Encouraging Americans to Reuse, Recycle, and Conserve Natural Resources

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When Congress passed the Resource Conservation and Recovery Act (RCRA) in 1976, it charged the U.S. Environmental Protection Agency (EPA) with ensuring the safe disposal and management of municipal and industrial waste, and it broadly championed a new ethic of resource conservation. During the first two decades of RCRA, EPA, in partnership with the states, focused primarily on establishing a sound hazardous and solid waste management system. More recently, EPA and the states have begun to focus on the goals of resource and energy conservation— that is, on putting “resource conservation” back into RCRA.

The general principles underlying these goals were sketched out in the report Beyond RCRA: Waste and Materials Management in the Year 2020 (EPA530-R-02-009). In 2002, EPA put these principles into practice with the introduction of the Resource Conservation Challenge (RCC).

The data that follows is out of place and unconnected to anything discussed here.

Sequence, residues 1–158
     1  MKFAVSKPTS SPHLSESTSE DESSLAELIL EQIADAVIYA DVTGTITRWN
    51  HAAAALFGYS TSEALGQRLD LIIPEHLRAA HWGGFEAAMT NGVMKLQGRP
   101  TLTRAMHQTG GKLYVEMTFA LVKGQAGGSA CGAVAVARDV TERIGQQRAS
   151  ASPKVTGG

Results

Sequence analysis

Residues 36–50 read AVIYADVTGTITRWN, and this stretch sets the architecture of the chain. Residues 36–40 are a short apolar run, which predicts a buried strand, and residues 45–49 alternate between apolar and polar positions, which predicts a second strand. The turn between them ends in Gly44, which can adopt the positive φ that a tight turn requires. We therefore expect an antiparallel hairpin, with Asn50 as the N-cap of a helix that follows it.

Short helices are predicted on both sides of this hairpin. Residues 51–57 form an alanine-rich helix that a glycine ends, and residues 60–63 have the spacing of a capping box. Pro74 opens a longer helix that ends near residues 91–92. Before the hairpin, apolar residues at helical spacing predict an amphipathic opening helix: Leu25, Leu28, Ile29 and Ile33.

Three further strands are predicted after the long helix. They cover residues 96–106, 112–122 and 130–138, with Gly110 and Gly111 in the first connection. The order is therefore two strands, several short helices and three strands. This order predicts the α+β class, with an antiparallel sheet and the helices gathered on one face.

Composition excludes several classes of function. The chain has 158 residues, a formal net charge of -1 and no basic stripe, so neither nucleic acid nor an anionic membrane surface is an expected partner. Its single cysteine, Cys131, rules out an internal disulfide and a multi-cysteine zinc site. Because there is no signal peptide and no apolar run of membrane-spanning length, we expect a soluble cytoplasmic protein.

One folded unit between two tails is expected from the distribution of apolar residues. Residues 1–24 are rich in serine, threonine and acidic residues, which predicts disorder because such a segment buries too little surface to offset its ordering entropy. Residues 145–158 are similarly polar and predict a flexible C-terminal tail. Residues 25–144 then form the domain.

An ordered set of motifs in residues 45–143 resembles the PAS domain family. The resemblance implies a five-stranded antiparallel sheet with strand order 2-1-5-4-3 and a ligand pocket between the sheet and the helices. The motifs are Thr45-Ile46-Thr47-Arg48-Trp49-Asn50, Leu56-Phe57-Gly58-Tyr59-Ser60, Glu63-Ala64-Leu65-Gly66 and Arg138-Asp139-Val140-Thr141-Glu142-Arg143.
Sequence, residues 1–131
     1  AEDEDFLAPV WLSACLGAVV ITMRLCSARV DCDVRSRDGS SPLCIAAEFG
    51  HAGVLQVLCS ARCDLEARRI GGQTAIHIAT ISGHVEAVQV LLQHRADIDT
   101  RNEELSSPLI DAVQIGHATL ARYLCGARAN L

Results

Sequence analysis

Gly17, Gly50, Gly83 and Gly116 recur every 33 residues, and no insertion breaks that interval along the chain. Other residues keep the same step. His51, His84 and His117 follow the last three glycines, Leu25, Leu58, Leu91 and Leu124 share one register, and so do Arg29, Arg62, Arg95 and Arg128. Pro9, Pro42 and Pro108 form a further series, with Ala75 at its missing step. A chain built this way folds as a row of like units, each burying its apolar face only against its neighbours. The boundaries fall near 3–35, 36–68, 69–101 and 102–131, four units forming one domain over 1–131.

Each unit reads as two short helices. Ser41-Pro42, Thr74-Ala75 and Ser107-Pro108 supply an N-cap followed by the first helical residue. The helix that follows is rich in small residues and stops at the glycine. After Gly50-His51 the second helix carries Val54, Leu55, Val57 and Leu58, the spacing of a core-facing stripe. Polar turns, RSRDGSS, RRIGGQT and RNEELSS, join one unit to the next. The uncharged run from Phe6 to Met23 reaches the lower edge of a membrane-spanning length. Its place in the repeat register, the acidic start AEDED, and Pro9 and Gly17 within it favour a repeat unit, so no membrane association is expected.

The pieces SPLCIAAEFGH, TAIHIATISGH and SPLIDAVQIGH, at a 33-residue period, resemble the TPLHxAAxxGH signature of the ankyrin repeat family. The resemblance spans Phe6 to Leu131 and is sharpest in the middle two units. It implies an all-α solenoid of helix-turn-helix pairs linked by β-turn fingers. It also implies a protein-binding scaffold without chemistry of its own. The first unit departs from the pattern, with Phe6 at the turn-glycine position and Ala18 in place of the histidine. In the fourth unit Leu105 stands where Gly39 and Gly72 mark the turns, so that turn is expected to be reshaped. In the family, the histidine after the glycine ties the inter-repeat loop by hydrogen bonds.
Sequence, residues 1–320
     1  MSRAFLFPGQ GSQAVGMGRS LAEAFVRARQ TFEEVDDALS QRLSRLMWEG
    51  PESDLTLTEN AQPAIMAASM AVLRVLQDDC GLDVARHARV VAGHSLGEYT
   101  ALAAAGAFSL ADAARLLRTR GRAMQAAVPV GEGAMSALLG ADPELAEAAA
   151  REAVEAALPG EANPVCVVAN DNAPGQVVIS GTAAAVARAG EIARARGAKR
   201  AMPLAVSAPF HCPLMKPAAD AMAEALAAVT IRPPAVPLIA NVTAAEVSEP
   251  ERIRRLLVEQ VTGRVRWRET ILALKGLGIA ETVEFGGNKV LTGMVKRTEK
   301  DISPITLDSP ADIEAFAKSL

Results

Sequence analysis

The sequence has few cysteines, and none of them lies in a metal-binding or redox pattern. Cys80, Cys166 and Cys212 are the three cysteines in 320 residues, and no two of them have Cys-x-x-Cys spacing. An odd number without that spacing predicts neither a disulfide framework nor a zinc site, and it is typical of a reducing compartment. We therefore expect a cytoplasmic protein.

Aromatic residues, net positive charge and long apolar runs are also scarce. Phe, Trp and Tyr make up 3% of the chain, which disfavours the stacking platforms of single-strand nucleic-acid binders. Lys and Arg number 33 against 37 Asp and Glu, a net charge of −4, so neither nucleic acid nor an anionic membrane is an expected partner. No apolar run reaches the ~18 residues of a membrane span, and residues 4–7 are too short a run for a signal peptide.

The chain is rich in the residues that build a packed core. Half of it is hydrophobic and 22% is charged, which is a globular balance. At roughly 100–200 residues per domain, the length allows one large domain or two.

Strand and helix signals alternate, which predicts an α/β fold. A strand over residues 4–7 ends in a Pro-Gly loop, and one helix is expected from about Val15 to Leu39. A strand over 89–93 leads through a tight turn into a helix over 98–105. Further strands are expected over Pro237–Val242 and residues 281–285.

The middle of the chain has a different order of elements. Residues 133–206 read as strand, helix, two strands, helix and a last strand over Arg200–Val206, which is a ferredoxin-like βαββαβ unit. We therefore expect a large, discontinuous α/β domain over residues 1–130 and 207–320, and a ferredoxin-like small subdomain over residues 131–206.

The RCC asks all Americans to reuse, recycle, and recover used materials; to reduce toxics in products and waste; and to conserve natural resources and energy. Through the RCC, EPA is focusing its efforts on recovering millions of tons of materials—or commodities—that are needlessly disposed of each year, and as a result, the United States is gradually moving from traditional RCRA “cradle-to-grave” waste management to “cradle-to-cradle” materials management.

The RCC brings together a wide array of activities at the federal and state levels. At the federal level, EPA is focusing on four priority areas:

1. municipal solid waste (MSW) recycling;
2. reusing and recycling industrial “secondary” materials;
3. reducing priority and toxic chemicals in products and waste; and
4. safe life-cycle management of electronics.

While the general management of the RCC resides within EPA headquarters, the agency’s regions are essential to its successful implementation. For example, EPA Region 5, which covers Illinois, Indiana, Michigan, Minnesota, Ohio, and Wisconsin, is leading efforts to promote reuse and recycling of industrial secondary materials.

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